What is the best authority on what the Bible says- the earliest authentic manuscripts, or your choice of Bible version?
- TeeMLv 71 month agoFavorite Answer
This is a tricky question for most people, since most people BELIEVE their choice of Bible is based upon the earliest authentic manuscripts.
Sadly this isn't the truth.
Most translations are written by a select few who have their own understanding of God's word.
Their understanding of God's word will seep into their translation to some degree, making God's word agree with their understanding.
The KJV is an example of this.
The translators of the KJV had some 8 Hebrew and Greek manuscripts to work with, only dating back to the 9th century C.E.
Thus the translators main authority was the Vulgate and Tyndale's translation. These translators also had the input of King James to whose name the translation bears.
In the book 'Truth in Translation' Dr BeDunn tells us about this problem. Translations have to deal with, what he calls, the Protestant Burden:
“the Protestant’s Burden. . . . one aspect of Protestantism that puts added pressure on translators from it’s ranks. . . . “The problem is that Protestant Christianity was not born in a historical vacuum, and does not go back directly to the time that the Bible was written. . . . it did not re-invent Christianity from scratch, but carried over many of the doctrines that had developed within Catholicism over the course of the previous thousand years or more. . . . the Protestant Reformation is incomplete, in that it did not fully realize the high ideals that were set for it.”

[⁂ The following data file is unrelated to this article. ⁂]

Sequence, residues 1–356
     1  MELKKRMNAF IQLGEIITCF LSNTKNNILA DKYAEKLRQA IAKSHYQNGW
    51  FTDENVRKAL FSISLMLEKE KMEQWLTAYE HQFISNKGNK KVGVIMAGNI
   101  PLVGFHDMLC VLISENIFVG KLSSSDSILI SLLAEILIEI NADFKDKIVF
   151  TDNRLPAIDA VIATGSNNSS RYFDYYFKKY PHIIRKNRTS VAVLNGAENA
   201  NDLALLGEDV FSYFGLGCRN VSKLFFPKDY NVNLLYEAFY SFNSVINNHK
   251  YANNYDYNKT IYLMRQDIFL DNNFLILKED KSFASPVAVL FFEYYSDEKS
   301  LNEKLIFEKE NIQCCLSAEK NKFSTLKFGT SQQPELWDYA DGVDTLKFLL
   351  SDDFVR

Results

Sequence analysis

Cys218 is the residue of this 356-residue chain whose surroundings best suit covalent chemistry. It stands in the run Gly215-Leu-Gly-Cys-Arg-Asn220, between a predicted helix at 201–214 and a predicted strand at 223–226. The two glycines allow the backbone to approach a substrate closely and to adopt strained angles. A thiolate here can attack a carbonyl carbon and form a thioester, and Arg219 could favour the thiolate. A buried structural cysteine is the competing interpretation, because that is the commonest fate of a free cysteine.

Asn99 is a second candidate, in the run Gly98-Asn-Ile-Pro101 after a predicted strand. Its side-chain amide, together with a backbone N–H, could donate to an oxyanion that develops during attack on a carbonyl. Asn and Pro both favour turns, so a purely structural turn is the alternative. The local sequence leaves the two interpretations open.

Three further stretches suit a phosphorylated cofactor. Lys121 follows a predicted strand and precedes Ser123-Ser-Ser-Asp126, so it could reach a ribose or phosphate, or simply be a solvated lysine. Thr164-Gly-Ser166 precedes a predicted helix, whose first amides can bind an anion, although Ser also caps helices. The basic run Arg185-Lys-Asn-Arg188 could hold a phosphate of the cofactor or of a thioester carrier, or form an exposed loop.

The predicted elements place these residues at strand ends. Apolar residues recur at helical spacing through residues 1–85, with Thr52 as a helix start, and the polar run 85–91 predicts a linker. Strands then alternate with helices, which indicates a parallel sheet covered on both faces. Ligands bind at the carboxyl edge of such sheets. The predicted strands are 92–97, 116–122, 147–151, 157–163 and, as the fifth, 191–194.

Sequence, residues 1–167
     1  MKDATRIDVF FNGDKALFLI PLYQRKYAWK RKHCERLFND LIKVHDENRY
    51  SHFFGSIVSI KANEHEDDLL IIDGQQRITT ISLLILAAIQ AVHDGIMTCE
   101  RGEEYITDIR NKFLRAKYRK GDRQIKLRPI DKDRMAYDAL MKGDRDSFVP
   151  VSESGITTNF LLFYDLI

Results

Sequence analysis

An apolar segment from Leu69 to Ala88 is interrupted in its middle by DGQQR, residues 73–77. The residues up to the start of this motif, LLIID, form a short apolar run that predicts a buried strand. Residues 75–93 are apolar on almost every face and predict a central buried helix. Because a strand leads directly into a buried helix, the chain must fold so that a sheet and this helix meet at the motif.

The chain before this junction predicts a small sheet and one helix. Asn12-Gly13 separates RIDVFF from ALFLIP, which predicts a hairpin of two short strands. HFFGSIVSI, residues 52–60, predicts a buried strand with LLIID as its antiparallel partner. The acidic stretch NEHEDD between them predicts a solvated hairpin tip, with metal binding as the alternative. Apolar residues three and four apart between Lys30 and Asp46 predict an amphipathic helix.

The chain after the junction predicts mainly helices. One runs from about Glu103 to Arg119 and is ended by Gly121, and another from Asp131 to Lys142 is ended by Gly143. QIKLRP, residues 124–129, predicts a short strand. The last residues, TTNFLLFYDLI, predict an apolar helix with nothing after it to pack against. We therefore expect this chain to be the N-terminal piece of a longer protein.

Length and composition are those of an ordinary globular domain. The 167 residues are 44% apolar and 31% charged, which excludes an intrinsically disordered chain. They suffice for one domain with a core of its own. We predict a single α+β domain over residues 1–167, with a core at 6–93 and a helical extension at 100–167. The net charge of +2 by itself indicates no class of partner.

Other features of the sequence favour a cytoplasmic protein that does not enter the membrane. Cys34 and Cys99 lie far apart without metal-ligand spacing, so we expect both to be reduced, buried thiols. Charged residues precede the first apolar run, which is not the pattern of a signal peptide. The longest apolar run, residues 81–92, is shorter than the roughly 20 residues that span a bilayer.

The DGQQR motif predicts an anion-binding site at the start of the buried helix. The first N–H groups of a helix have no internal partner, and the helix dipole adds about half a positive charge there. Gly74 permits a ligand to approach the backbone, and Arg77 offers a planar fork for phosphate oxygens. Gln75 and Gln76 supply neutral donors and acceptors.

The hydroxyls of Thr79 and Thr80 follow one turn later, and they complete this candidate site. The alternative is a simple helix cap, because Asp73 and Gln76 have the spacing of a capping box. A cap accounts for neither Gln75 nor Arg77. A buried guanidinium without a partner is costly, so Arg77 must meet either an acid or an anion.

- ArcherLv 71 month ago
Nothing in the bible is "authentic" for it is simply man presenting "their" opinions, stories and thought about the gods.
- UserLv 71 month ago
The best authority in the sense that you are using the term
is not any particular early manuscript or collection of such
is the modern, scholarly critical source texts that are available.
There are several, because there are several portions to the Bible.
-- New Testament --
The latest edition of the Nestle-Aland / United Bible Societies "Novum Testamentum Graece"
(Note: the two have the same primary text, UBS provides a limited set of textual variants, NA provides a complete set.)
-- Old Testament --
A) Masoretic Text
"Biblica Hebraica Stuttgartensia" (currently in the process of being replaced by "Biblica Hebraica Quinta")
Note: that is the primary source, the "best authority", but translators of necessity often need to employ alternate sources, most especially the Septuagint.
There are two important critical source texts
B1) Rahlf's "Septuaginta", Revised (2006 revision of 1935 work)
B2) The Gottingen "Vetus Testamentum Graecum" (not yet complete, but a very thorough and scholarly critical text that is superior to Rahlf's in most ways)
-- Apocrypha / Deuterocanon / Anagignoskomena --
The same as for the Septuagint
The latest Biblica Hebraica (BH) is taking into account the Dead Sea Scrolls (DSS), which were mostly unpublished when the previous version of BH was produced. Most modern, scholarly translations take the now-completely-published DSS into account to some degree despite the lack of inclusion in critical source texts. (But note: that lack is in the process of being rectified.)
- ShilohLv 61 month ago
We know the jolly old King didn't like the original Bible transcript and so, he created his own translation from which most Protestants i.e. Christians get all their Bible reading. Based on this, Christians would have to say, "their own version " and not earliest manuscript.
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- Anonymous1 month ago
Praise jebus you after mate and yep I got a Q left you can have it for the half can be there in the morning
- WilliamLv 71 month ago
The first books of the New Testament weren't written until 40 years after the crucifixion. None of them written by eye witnesses.
The first writing about the crucifixion was in the year 70.
Up to that point NO ONE ever heard about the event.
That's why it's closer to cruciFICTION.